Philip Evergood, list of contacts, ca. 1947.

It is hard to believe that the 1913 New York Armory Show took place less than 100 years ago.  The seminal show drew laughs for its paintings and denunciations for their degeneracy, while the  medium of photography, facilitated by Alfred Stieglitz, was inaugurated as a new art form, acceptable only as measured by proximity to the extreme paintings and sculptures on exhibit.

It is Picasso’s list of suggested artists for inclusion in the show, dated 1912, that makes a case for the subtleties that make this Morgan sleeper,  “To-dos, Illustrated Inventories, Collected Thoughts, and Other Artists’ Enumerations from the Smithsonian’s Archives of American Art”, a must-see for anyone interested in art history or contemporary art or both.  Through curatorial acumen, its 80 lists simultaneously remind us how different yet familiar at the same time the world is today from the one reflected in the exhibit.

With tweet-like efficiency, Picasso’s list of recommendation includes the names of Gris, Leger, Duchamp, Delaunay, and Metzinger for inclusion in the show at the behest of organizer Walt Kuhn.  It is as prescient and powerful as a manifesto and staggering in its significance, considering the impact these names would have in ushering in the era of abstract art in America.  Moreover, the art market in New York City, which currently boasts hundreds of galleries, was virtually non-existent.  Considering the paucity of galleries in New York City at the time, whose numbers would rise to only forty by the time WWII began some 25 years later, the impact of abstraction, to this day, remains unequaled.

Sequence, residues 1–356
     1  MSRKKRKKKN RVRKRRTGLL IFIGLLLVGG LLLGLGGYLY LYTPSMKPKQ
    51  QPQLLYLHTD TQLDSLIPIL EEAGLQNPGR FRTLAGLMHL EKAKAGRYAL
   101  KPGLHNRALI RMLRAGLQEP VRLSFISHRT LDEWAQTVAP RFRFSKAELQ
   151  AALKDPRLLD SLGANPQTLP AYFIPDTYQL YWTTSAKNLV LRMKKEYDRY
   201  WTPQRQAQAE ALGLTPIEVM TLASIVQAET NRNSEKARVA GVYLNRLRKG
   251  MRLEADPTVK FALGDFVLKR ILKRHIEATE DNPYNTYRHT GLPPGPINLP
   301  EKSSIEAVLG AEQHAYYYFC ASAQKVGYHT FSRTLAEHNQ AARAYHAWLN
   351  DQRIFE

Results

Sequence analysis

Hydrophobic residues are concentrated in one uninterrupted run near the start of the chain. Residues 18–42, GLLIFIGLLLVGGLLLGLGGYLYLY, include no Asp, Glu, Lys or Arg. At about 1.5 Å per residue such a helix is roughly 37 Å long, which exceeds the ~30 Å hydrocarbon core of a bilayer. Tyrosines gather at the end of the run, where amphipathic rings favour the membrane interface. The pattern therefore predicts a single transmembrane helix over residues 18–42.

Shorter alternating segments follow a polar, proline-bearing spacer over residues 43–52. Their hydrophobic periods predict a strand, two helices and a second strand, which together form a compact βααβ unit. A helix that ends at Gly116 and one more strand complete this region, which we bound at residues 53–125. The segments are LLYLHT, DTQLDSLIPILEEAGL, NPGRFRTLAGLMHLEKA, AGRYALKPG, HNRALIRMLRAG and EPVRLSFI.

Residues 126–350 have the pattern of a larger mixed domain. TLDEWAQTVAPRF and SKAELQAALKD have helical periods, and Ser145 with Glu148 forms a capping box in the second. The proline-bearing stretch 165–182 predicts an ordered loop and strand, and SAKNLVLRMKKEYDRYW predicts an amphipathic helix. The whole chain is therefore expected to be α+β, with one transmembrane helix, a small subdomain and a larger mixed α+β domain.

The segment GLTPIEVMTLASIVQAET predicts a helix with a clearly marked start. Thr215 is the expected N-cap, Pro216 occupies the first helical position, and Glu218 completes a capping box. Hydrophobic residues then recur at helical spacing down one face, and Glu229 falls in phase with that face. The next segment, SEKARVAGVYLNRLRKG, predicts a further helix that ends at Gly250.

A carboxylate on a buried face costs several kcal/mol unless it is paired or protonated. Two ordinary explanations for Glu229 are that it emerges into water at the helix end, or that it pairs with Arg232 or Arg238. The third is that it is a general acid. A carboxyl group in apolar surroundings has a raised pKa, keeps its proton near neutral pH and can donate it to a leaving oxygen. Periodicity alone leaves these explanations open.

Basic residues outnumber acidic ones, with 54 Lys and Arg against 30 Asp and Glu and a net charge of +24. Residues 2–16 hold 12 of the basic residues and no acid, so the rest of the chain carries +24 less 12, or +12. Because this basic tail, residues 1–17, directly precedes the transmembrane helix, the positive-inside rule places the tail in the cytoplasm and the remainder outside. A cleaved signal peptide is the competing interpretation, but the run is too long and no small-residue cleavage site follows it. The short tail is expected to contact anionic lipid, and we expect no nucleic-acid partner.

Pablo Picasso, “recommendations for the Armory Show for Walt Kuhn, 1912

Consider Joan Snyder’s response to the question “What is Feminist Art?”, written in 1976 as part of an art project.  It starts “Feminist sensibility is…” followed by a three page list of nouns.  Included are anatomical terms, art supplies, constituents of the art world, and short rants against dominions of the art world interspersed with action words in a brew-ha-ha befitting the challenges and frustrations of women artists contending with “piece of the pie-ism.”

Or Grant Wood’s list, written in 1931, of 14 “business” depressions between the years 1819 and 1931 with the closing comment after 1931 (and 1932) that “all came to an end except this one.  Mebbe this will….”  Maybe readers will find this too painful to contemplate outside the context of art reviews.

If R. David Lankes, Director of the Library and Information Science Program at Syracuse University is correct about knowledge being a process, this show illustrates why the digital environment is merely a tool for acquiring knowledge and not a repository of knowledge itself; that knowledge “is what we do and why we do it, not something that can be boxed up, transferred, or archived.”  Reviewing Joseph Cornell’s list of purchases at the Madison Square Garden antiques fair in 1957 are found “a set of cards (picked from broken lot) of characters in various amusing scenes, miniature toy wagon, horse and driver, German ca 1900, and misc marbles (marked as sold).”  Readers familiar with the artist’s work will invariably find themselves imagining the resulting assemblages with each tick.  These lists are so much more than keywords on a screen.